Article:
Tuesday, January 31, 2012

After Dark, January 31, 2012

Playwriting for Today's Canada
How should artists create when there is no money?
by Gaëtan L. Charlebois

When I was 13 my father gave me a Brother portable typewriter for Christmas. On New Year's day, following, I spent the entire day on the machine writing my first full-length play: A Time For Madness. A woman is alone, her husband and two friends have escaped from prison and hole up at her place. Somehow it turns into a bloodbath with woman covered in her husbands blood and - like Lucia di Lammermoor (opera influenced by early writings - she does a long-ass mad scene. The only thing it had going for it was that it was a small cast and one set - cheap to produce. My next full-length play would have required 40 actors, was about six hours long and had a similarly pretentious title: A Life in Damascus. I dreamed as I wrote it, almost certainly aware it would never be done as we descended into a recession.

Sunday, January 29, 2012

The Abominable Showman, January 29, 2012

Where the COC goes to play
(Photo: Tim Griffith, courtesy COC)
Tale of Two Cities
L’Opera de Montreal’s premiere of Il Trovatore the same day Toronto’s Canadian Opera Company premiered Tosca highlighted some striking differences – and similarities – between Canada’s two leading opera companies
by Richard Burnett
(Photo courtesy Place des Arts)
I’ve been writing about opera and interviewing opera stars for about a decade now, though I still don’t consider myself an opera expert by any stretch of the imagination. So I learnt a lot by attending two operas last week, the opening performance of the Canadian Opera Company’s production of Puccini’s masterpiece Tosca at Toronto’s gorgeous Four Seasons Centre for the Performing Arts, and L’Opera de Montreal’s solid production of Verdi’s classic Il Trovatore at the venerable Salle Wilfred-Pelletier in Montreal.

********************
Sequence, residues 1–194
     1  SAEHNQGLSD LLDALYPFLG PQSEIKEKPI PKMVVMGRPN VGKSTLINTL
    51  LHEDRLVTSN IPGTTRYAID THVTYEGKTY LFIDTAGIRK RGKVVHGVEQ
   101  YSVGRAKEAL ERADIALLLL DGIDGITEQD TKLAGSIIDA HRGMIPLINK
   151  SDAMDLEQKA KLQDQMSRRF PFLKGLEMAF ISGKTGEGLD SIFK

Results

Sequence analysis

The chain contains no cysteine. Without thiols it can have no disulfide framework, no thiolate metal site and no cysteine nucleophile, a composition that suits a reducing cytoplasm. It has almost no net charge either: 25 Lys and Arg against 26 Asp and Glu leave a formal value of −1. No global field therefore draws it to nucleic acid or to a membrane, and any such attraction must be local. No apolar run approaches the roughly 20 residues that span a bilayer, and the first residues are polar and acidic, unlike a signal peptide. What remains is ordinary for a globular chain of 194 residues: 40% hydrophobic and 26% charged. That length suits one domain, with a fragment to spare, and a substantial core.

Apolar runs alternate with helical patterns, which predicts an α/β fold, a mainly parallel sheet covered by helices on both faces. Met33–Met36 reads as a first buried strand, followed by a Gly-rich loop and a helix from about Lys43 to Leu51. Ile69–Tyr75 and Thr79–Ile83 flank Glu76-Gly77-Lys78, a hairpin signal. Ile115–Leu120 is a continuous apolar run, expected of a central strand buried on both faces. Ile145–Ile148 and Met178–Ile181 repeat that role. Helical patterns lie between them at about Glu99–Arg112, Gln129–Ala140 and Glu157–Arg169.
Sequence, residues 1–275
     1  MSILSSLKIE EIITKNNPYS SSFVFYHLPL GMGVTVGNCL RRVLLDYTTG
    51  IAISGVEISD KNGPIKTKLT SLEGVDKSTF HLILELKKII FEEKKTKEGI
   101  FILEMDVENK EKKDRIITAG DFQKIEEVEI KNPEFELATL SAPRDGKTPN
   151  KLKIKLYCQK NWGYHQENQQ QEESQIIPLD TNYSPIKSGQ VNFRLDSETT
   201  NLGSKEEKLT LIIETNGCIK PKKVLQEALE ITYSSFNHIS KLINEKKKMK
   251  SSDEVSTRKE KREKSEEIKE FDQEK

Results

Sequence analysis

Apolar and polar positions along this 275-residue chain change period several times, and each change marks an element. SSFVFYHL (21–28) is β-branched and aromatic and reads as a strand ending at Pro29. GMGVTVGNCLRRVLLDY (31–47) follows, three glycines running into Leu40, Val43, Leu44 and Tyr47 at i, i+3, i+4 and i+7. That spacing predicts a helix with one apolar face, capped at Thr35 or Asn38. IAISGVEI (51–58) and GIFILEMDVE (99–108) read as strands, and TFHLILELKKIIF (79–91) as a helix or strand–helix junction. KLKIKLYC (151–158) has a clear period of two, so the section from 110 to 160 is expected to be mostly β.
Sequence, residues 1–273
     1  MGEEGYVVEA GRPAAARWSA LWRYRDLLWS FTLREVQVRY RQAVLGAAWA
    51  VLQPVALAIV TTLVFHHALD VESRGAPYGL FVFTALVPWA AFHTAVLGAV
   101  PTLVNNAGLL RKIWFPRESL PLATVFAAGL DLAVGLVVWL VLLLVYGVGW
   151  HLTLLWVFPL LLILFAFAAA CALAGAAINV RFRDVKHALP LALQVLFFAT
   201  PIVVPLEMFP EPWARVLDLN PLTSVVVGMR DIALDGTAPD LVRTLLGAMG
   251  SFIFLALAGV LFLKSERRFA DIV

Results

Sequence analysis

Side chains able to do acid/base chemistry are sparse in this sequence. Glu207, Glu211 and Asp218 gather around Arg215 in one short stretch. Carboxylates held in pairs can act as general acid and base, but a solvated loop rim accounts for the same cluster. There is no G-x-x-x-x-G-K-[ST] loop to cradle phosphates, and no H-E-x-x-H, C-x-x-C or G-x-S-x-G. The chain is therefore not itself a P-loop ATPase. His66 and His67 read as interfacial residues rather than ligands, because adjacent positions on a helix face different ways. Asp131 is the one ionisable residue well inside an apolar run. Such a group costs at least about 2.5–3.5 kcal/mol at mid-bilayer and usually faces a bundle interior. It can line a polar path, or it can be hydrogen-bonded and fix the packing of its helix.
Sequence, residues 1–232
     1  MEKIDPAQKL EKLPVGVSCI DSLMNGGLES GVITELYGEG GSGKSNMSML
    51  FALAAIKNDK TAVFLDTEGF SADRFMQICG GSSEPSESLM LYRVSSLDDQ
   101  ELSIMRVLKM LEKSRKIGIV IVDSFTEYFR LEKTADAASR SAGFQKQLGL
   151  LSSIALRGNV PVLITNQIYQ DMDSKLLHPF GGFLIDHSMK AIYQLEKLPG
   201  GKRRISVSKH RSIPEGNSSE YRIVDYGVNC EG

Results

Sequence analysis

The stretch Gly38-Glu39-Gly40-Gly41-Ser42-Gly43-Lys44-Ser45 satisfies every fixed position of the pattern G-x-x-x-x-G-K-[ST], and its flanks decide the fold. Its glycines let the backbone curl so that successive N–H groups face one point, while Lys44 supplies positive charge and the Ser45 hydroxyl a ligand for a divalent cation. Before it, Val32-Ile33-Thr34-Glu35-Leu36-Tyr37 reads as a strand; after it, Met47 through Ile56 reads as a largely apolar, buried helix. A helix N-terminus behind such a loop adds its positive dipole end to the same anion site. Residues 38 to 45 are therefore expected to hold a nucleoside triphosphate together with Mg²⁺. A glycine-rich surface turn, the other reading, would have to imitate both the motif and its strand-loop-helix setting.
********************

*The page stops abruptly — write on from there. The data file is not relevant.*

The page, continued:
The Sunday Read: Caleb McMullen on Closer

I’ve always had an inclination to say yes to impossible tasks.
I had every intention of writing something articulate in some sort of essay format. However, I’m feeling particularly candid tonight. Perhaps it’s the red wine, perhaps it’s the pot. Who can say?
Tonight, being my calm before the storm, I find myself very pensive. My thoughts come in waves about how I got to where I am, producing and directing CLOSER. I started this project during the summer. My best friend Gaby had approached me with the prospect of producing and directing this play. It took three times (perfect comic humour) of hounding me about it, that I finally had to come to a decision, between continuing to live my happy little life or taking on this incredibly daunting task. As you can see, I chose the latter.
This was terrifying for me as I was still coming down from my last project, WOLFBOY. Mind you, that project had ended a year previously. So it was time for me to move on to new endeavours. My work on that project was one of the hardest things I had ever done, and I was reluctant to ever feel that insane again. However, it turns out that ‘feeling insane’ is more of a state of being for me rather than a choice.